Polk County Sheriff’s Office officials are asking that people keep sending up prayers for Sgt. Barry Henderson, who continues to be treated for complications of COVID-19.
Chief Deputy Jonathan Blackmon said last week that Henderson, who has a combined 18 years of service with both the sheriff’s office and the Polk County Police Department, was improving slowly each day but he still has a long way to go in his recovery.
“They have been able to reduce his ventilator down to 50% after it had been at 100 % for about six or seven days,” Blackmon said. “We just ask for continued prayers for him and his family.”
Henderson was admitted to Northside Hospital in Atlanta on Jan. 7. He was stable enough on Thursday that doctors were planning to move him to a “step-up” unit at Emory University Hospital to continue the recovery process.
Blackmon said they were waiting on a bed to open up in order for the move to take place.
“He’s definitely taking steps in the right direction,” Blackmon said. “We’re excited about that.”
Henderson is a classified gang expert for the state court system and is over operations for the sheriff’s office’s work detail, C.H.A.M.P.S. program and the Polk Safe Kids program.
“He wears a pretty big hat,” Blackmon said.
Blackmon and Sheriff Johnny Moats have visited Henderson in the hospital in the last few weeks, with Blackmon serving as the agency’s chaplain as well.
He said Henderson’s wife, Chrissy, has expressed her gratitude for all of the thoughts and prayers, as well as the texts and cards she has received from the community.
“She has had a good outpouring of support from the community reaching out to her,” Blackmon said.
How the community can support Henderson and his family is being expanded thanks to a fundraiser promoted in part by the sheriff’s office and High Voltage Prints in Rome.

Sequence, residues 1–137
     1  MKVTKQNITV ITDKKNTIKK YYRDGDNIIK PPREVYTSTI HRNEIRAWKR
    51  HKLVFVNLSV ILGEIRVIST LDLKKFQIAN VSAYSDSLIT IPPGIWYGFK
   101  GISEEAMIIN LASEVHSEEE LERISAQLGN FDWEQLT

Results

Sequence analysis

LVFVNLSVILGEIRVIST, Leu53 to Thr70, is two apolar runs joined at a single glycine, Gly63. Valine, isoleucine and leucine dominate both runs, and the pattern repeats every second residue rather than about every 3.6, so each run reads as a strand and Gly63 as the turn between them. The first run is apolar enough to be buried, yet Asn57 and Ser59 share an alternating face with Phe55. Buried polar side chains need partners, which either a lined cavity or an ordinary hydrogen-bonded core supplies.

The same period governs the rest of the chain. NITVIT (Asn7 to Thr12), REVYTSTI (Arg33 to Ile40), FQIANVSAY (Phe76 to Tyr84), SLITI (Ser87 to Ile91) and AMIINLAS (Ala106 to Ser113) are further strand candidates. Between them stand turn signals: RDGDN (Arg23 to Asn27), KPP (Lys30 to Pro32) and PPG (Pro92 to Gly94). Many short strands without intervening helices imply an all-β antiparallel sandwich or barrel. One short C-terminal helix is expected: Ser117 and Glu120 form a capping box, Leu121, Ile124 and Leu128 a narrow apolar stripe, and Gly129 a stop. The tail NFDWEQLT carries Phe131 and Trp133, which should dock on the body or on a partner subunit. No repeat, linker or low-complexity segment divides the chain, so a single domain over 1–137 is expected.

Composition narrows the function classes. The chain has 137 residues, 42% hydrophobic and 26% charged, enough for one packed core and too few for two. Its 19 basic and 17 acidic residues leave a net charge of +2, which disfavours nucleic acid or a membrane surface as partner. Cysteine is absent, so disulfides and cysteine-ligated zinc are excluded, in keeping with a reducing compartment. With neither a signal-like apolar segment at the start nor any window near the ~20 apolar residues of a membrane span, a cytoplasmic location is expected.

People can purchase T-shirts for $15 each featuring the hashtag “#sixstrong” that references Henderson’s radio call number. Orders can be made using the Venmo mobile payment service by searching for @PolkCountySheriff, or by going by the sheriff’s office Monday through Friday between 8 a.m. and 4 p.m.
While Blackmon said they expect to make one order early this week he is certain they will have another order.
Blackmon said the sheriff’s office has been lucky during the COVID-19 pandemic. Henderson is the first employee to have required medical attention from complications of the coronavirus, and only four inmates have tested positive for it, all of which have only been recently.
“We’re doing good. It’s absolutely amazing,” Blackmon said. “The county administrators have done well keeping us prepared, giving us PPE, and a fogging machine to disinfect large areas. And we screen all inmates before they are booked in and isolate them before they are placed into the general population. “
As part of the state of Georgia’s vaccination program, law enforcement officers and first responders are eligible to receive the COVID-19 vaccine.
Blackmon said the Polk County Health Department made sure they knew they were allowed to get the vaccine and 20 out of 86 employees had received at least the first of two doses. He said they have not mandated that employees get the vaccine in order to continue to work.